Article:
Business / Companies

LiuGong builds a bigger global vision

By Li Yang in Liuzhou, Guangxi (China Daily) Updated: 2014-02-12 07:07

LiuGong builds a bigger global vision

Loaders have become a main export product of LiuGong in recent years. Huo Yan / China Daily

Looking abroad

Zeng visited Caterpillar Inc's factory in the United States for the first time in early 1983 as a young technician working for LiuGong and was impressed. His first job in 1984 upon his return was to translate the introductory book of Caterpillar Inc's centenary history and its annual financial reports into the Chinese language.

"LiuGong's technicians regarded themselves as true students and worked hard to learn everything from the international giants at that time," Zeng recalled.

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From 1979 to 1986, Chinese construction machinery enterprises imported more than 120 foreign techniques, thanks to the reform and opening-up of China. Technological cooperation with Caterpillar Inc was one of the projects.

From 1992, China's construction machinery enterprises entered an era of integration, during which many joint ventures were established. After 2001, when China joined the World Trade Organization, joint and cooperative ventures became rare, replaced by sole-proprietorship enterprises from abroad and Chinese enterprises.

The technologies and advanced management models that Chinese enterprises learned from their foreign counterparts improved the overall level of China's construction machinery.

Caterpillar Inc's experts visited LiuGong in October 1989 and were satisfied with the skills of its workers. They suggested that if LiuGong wanted to improve the quality of its products, it should purchase advanced manufacturing equipment.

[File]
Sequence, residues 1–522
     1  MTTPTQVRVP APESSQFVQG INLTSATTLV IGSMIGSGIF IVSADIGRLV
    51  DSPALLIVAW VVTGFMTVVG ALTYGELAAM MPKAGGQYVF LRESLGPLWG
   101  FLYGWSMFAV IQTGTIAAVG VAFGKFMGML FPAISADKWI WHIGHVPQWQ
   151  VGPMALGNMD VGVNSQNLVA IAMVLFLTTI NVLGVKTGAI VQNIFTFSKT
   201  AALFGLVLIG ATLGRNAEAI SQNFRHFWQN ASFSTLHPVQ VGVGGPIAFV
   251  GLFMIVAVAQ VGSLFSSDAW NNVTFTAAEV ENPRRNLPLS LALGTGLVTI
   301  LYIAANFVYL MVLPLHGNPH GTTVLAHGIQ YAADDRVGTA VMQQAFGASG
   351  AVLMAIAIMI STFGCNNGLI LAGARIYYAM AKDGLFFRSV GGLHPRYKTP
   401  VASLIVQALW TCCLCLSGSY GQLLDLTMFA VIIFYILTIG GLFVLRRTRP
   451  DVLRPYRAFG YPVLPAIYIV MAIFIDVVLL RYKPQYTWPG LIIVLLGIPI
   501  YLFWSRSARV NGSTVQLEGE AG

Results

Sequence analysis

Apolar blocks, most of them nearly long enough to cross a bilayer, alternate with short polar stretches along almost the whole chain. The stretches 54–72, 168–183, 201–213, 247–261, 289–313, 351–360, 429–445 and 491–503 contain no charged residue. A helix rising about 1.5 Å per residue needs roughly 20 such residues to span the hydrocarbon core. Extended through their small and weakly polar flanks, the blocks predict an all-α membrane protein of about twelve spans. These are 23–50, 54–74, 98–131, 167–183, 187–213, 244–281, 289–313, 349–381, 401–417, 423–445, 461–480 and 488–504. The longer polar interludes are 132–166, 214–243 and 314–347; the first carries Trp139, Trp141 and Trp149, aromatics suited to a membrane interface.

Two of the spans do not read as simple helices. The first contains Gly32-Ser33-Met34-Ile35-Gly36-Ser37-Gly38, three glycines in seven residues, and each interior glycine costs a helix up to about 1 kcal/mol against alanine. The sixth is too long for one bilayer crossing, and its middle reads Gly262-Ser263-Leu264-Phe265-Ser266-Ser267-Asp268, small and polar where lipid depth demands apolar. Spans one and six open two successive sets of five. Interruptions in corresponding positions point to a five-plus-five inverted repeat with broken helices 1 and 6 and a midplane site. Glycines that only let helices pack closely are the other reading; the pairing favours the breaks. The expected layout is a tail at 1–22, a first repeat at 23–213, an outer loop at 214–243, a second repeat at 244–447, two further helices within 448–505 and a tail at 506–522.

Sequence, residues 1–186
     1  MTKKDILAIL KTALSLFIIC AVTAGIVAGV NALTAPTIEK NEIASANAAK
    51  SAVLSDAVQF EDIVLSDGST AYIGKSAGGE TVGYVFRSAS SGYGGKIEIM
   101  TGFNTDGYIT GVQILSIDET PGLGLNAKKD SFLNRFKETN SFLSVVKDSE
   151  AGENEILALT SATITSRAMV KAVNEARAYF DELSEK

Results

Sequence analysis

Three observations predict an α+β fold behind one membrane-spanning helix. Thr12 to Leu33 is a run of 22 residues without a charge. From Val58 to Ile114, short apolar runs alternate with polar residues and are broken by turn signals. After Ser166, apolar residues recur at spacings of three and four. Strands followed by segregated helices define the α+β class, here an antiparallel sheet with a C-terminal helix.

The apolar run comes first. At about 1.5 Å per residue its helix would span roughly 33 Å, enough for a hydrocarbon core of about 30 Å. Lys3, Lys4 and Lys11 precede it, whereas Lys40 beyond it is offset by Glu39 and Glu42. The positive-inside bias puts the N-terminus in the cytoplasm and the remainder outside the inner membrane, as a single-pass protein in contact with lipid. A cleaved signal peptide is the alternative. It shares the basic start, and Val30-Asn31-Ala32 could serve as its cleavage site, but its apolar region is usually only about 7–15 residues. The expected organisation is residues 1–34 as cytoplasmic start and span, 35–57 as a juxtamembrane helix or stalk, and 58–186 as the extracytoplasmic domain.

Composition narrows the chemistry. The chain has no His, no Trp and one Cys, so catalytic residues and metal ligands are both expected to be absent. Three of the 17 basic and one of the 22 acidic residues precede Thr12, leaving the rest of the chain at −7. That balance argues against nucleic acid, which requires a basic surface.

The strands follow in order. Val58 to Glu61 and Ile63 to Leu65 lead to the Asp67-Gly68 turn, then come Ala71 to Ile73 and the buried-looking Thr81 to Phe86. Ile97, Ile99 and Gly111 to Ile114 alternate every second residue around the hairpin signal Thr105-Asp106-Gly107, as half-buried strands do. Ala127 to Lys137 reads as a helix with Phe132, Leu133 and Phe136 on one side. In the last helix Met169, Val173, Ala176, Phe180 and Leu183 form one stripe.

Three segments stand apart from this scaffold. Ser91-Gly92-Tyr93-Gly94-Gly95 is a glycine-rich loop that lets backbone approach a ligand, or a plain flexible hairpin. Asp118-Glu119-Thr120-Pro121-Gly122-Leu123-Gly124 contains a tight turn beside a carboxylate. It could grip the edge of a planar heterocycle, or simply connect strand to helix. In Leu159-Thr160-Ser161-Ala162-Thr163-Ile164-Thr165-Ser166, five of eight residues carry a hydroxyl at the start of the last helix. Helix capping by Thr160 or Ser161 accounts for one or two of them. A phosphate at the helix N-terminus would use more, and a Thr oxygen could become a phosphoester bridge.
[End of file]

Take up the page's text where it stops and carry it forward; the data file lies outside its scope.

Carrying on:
LiuGong followed the advice and bought Austria's IGM Robotersysteme AG welding robot installations and numerically controlled machine tools as well as axle shell production lines from Italy and the United States.

This equipment played a crucial role in advancing LiuGong's manufacturing to world-level status.

LiuGong has never stopped pursuing technological innovation using its own research and development staff, who are now based around the world.

Xie Ping, an engineer in the hydraulic pressure workshop, has participated in the research and development work of LiuGong's excavators, loader-diggers, plateau loaders and high-speed loaders since 1986.

"LiuGong technicians have inherited the down-to-earth, hardworking spirit of the old experts from Shanghai and Xi'an," said Xie. "This is LiuGong's legacy that should be passed down to the young staff."

Railway construction in Tibet created a big market for construction machinery builders in the 1990s.

Xie stayed on the Tibet plateau for several years from the late 1990s, conducting experiments to look for solutions to a series of technological problems common in construction machinery above elevations of 4,500 meters and at low temperatures where oxygen is low and ultraviolet radiation is high. In such tough environments, it is hard to start engines, and metals and rubber seal materials wear out rapidly.

Her team found success in 2002 and helped LiuGong make the first plateau loader in the world fit for Tibet construction projects.

But LiuGong is fully aware of the crucial technological gap that entails a national effort to overcome.

"The digger hydraulic plunger is an area in which we lag behind most behind our foreign competitors," said Luo Wei, chief engineer. "The main gap is in the science of materials, which is also generally a weak point for China."

Most of LiuGong's diggers to this day employ imported hydraulic plungers.

"This shows our weakness in many fundamental scientific research areas, such as the science behind materials," Luo added.

Mergers and acquisitions became a shortcut for Chinese enterprises to acquire technology and marketing channels, especially after the financial crisis in 2008.

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